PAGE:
• Format your email so it’s easy to read. Instead of writing several long paragraphs, utilize bullet points and headers so clients can easily find the information they’re most interested in.

Finally, make sure to proofread your email before you send it. I usually like to write the email, save it as a draft, and return to it an hour later for a fresh perspective.

After I’ve applied for a job, I copy and paste the posting into OneNote. With OneNote, I can paste each posting into its own page and search for keywords (company name, subject line, job title, and so on) when a client replies. This is critical when applying for multiple jobs, because you won’t remember every single one.

Also, sometimes clients will take their time replying, so it’s good to have a way to refresh your memory. I’ve had people respond six months after I originally applied asking if I’m still interested. You never want to tell a potential client that you have no idea what job they’re talking about, so keep detailed records of everything you apply for.

Step 6: Respond to interested clients

It’s easy to get excited when a potential client replies to your application, but it’s important to remember that your initial conversations set the stage for all the work you’ll do for that client.

Make sure to agree on the work you’ll be doing up front. One of the first things clients want to know is how much you charge, but how much you charge should consider what the job entails: writing, promotion, search optimization, image sourcing, posting to a CMS, revisions, or anything else.

Ask questions to determine exactly what the client expects, and provide detailed rates that list out exactly what is included. This can be used later if a client consistently asks for more than what was originally agreed upon.

If you’re asked to complete a trial, this conversation can wait until the client has decided to hire you. But it’s very important to align on what each party expects so that the client is happy with what is provided and you aren’t surprised later with time-consuming additional requests.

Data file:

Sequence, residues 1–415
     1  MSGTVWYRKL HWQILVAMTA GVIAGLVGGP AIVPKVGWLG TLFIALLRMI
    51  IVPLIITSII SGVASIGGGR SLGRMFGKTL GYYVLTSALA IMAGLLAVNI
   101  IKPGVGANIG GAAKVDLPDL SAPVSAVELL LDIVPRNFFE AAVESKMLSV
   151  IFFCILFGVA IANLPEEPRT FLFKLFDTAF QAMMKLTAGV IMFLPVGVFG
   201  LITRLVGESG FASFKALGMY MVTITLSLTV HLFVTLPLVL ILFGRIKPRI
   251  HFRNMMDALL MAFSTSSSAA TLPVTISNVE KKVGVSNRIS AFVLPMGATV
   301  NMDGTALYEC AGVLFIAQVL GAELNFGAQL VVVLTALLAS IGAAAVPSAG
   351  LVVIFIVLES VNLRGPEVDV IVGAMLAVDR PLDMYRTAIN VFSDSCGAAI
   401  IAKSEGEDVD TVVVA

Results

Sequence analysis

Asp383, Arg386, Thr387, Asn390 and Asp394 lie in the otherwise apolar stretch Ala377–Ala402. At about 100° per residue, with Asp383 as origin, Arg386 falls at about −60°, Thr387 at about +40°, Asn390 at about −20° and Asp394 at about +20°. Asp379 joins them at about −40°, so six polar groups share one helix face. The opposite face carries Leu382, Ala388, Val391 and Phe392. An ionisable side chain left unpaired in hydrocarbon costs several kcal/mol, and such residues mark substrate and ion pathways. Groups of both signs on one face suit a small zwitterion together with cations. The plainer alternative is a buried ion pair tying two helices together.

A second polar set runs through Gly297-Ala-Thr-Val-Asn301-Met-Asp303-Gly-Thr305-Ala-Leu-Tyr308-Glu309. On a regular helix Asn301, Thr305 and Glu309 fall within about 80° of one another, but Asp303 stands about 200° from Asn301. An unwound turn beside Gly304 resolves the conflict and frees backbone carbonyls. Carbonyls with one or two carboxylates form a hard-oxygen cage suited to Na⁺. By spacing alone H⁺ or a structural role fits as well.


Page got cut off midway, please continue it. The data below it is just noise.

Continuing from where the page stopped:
Kick off your freelance writing career

As an aspiring freelance writer, there are a lot of upfront tasks to complete before you start accepting jobs and earning an income. If you’re currently working full-time, it can be to your advantage to either

  • have several months of savings to cover your bills while you get started, or
  • start freelancing part-time until you’re making a consistent income.

When I decided to return to freelancing last year, I used to get up at 5:00 a.m. every morning to get a few hours of writing done before I went to my full-time job. Then I would come home in the evening and work on my website for a few hours after work.

It was hard working two jobs, but when I finally left my full-time role, I had enough freelance clients to feel confident that my decision wasn’t going to send me spiraling into bankruptcy.

Freelance writing should be considered with as much care as starting a new business. It’s a lot of work to get started. But if you’re willing to do the upfront work, you’ll be more likely to enjoy a long career writing about what you love, working from wherever you want in the world, and using your skills to educate and help others.

What other questions do you have about launching your career as a freelance writer? Ask your questions in the comments below, and I’ll do my best to answer them.